There’s a new study out this week that documents the extent to which California has transitioned to a new way of voting, one that has created a pool of 6 million voters who may participate in every future election but never again set foot inside a polling place.
These are people who have signed up to be permanent mail-in voters, and their numbers are growing at a breathtaking pace: from 2.7 million in the 2004 election, to 4 million in 2006 to 5.6 million in 2008. They now represent more than a third of all California voters.
In his paper on the growth in permanent mail voters published in this month’s Survey Practice, a journal for pollsters, Field Poll Director Mark DiCamillo notes that turnout among permanent mail voters was significantly higher than total voter turnout in the last two statewide general elections. In 2006, when overall turnout was 56.2 percent, the voting rate of permanent mail voters was 77.7 percent. In 2008, the comparable numbers were 79.4 percent and 86.3 percent.
In low-profile elections the difference is even more striking. In last May’s statewide special election, overall turnout was just 28.4 percent. But almost half, or 48.6 percent, of permanent mail voters returned their ballots.
Much about this phenomenon is overwhelmingly positive.
Permanent mail voting has increased voter participation, made it possible for voters to take their time and consult reference materials when completing lengthy and complex ballots and, judging from the public response, provided a great many Californians with a convenient voting option that they like and prefer.
Unfortunately, DiCamillo’s research also reveals an unfortunate side effect: Permanent mail voting has intensified the demographic disconnect between the California populace and the California electorate.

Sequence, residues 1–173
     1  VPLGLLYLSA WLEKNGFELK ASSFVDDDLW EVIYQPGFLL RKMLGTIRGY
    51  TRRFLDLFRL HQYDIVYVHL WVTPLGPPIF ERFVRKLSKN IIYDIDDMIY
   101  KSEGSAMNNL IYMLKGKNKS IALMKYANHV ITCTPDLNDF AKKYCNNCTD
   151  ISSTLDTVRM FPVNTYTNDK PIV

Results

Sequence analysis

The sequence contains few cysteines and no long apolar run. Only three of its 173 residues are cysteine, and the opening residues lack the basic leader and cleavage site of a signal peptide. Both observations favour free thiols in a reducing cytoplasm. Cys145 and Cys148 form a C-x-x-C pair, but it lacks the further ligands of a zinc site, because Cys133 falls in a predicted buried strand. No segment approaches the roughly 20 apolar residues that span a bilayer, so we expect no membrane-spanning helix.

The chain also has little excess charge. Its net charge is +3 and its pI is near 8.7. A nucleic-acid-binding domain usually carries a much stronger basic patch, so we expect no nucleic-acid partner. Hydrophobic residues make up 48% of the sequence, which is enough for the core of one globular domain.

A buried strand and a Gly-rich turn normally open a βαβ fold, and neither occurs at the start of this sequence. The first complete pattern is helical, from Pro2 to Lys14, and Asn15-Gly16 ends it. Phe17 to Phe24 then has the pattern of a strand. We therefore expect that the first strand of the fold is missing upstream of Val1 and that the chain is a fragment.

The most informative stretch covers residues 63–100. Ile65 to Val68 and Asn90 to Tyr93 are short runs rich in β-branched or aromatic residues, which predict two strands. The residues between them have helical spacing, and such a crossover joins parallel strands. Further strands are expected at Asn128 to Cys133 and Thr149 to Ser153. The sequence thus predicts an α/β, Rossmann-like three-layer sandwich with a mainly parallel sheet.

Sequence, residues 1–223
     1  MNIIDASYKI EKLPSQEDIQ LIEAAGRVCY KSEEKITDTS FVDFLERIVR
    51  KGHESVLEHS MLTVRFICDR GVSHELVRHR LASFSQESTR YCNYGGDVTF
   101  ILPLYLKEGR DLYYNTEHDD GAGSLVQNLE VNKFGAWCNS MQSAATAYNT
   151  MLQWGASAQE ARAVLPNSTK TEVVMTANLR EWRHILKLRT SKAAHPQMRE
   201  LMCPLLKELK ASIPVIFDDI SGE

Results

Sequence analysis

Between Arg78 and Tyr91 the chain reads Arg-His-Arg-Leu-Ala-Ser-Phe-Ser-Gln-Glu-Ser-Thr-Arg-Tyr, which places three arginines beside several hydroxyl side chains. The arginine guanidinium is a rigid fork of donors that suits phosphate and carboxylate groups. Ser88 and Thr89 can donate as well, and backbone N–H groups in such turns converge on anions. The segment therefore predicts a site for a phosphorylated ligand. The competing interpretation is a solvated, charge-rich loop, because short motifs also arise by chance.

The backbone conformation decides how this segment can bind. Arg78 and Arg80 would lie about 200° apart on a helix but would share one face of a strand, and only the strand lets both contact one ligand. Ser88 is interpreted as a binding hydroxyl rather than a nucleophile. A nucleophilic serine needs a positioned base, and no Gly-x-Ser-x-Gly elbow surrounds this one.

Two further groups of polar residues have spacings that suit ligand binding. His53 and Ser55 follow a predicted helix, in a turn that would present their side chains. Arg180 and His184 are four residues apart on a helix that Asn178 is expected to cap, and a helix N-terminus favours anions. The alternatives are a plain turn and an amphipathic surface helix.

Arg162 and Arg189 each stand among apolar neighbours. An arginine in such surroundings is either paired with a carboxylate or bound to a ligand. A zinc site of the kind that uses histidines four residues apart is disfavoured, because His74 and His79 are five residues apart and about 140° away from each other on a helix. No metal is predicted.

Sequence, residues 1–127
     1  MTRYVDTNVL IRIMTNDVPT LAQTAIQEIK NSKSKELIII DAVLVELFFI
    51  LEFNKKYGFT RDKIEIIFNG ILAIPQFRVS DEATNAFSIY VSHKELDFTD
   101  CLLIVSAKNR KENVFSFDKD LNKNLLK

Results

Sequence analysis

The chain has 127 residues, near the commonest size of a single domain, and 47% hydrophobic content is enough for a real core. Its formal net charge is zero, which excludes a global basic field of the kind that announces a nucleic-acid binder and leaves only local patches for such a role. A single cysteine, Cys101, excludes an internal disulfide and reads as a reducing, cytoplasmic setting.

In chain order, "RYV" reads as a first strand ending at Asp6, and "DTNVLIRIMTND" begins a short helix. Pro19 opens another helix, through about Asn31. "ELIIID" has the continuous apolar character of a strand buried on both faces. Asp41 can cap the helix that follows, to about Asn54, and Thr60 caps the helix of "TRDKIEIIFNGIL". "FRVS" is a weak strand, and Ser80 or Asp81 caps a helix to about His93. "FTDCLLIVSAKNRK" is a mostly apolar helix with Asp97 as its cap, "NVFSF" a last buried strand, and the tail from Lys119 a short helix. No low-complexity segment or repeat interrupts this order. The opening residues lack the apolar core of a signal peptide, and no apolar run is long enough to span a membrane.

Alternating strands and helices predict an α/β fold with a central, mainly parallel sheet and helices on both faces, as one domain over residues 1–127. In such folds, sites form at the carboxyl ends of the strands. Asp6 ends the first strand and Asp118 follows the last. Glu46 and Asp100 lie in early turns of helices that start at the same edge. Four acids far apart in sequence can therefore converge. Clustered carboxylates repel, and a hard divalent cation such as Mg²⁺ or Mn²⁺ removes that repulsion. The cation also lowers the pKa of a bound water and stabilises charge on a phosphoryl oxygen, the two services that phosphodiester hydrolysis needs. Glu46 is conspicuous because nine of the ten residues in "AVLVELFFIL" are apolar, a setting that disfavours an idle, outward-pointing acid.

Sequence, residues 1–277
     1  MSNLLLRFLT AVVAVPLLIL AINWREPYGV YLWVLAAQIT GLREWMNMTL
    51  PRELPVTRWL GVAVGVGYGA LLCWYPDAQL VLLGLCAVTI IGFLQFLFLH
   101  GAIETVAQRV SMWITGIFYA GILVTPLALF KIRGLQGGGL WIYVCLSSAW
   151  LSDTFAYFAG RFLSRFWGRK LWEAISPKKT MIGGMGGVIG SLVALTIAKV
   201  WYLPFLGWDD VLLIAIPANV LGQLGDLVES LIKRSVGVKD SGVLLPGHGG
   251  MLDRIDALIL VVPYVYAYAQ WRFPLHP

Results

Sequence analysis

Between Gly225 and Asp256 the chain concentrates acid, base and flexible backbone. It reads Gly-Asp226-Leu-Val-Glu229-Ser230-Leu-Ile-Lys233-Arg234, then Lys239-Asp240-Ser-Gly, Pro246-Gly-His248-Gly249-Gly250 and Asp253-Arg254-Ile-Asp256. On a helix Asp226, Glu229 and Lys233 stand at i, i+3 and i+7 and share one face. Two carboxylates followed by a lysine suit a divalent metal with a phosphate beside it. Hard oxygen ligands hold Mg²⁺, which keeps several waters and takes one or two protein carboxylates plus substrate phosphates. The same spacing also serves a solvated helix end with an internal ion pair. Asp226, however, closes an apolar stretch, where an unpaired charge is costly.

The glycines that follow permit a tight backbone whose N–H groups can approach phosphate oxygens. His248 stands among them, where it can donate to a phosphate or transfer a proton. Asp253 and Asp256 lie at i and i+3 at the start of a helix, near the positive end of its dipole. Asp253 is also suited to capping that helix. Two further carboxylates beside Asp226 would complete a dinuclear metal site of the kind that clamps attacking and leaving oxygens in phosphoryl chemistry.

The pool of registered voters in the state has always been older, more affluent and more Anglo than the adult population at large. With the growth of permanent mail voting, the differences among actual voters appear to have become even more pronounced.
Based on data collected from the Field Poll’s pre-election surveys, DiCamillo concludes, “There are significant demographic differences between the state’s permanent mail ballot registrants and other registered voters.”
There are geographic, age-based and ethnic disparities.
For instance, voters ages 18 to 29 make up only 13 percent of permanent mail voters, but 19 percent of all other voters. Those over 65 make up 29 percent of those who always vote by mail, but only 15 percent of all other voters.
Latinos are vastly under-represented among permanent mail voters, accounting for just 14 percent. Among all other voters, 24 percent are Latino.
Kim Alexander, founder of the nonpartisan California Voter Foundation, says permanent mail voting may be exacerbating the lack of diversity among California voters. “Policy-makers need to be mindful of that,” she said.
Alexander notes that the impulse of county elections officials — who now must conduct essentially two elections every Election Day, one through the mail and the other in person — has been to reduce the number of polling places and, in many cases, to urge that voting be conducted entirely by mail.
“Just because the vote-by-mail rate keeps going up doesn’t mean it’s time to start closing polling places,” Alexander said. “All voters should be able to vote in the way they’re most comfortable.”
Alexander said DiCamillo’s data also reveal the importance of getting elections officials in every county to uniformly promote vote-by-mail registration.
Until very recently, officials in Los Angeles County — the state’s largest and most diverse — had been decidedly cool to mail voting and did nothing to promote permanent mail registration. The result is striking: DiCamillo’s data show that LA County voters account for only 10 percent of permanent mail voters but 32 percent of all other voters.
The Voter Foundation not long ago commissioned a survey of 1,000 registered but infrequent voters. It found the No. 1 reason they cite for not voting regularly is that they don’t have time on Election Day. Yet, more than half were unfamiliar with mail-in voting. “That was kind of astonishing,” Alexander said.
DiCamillo’s study shows that the popularity of permanent-mail voting has continued to increase dramatically even nine years after the option was established. It’s not going away.
The challenge to those who would like to see a California electorate more reflective of its people is to educate young and minority voters about an option that makes voting more convenient.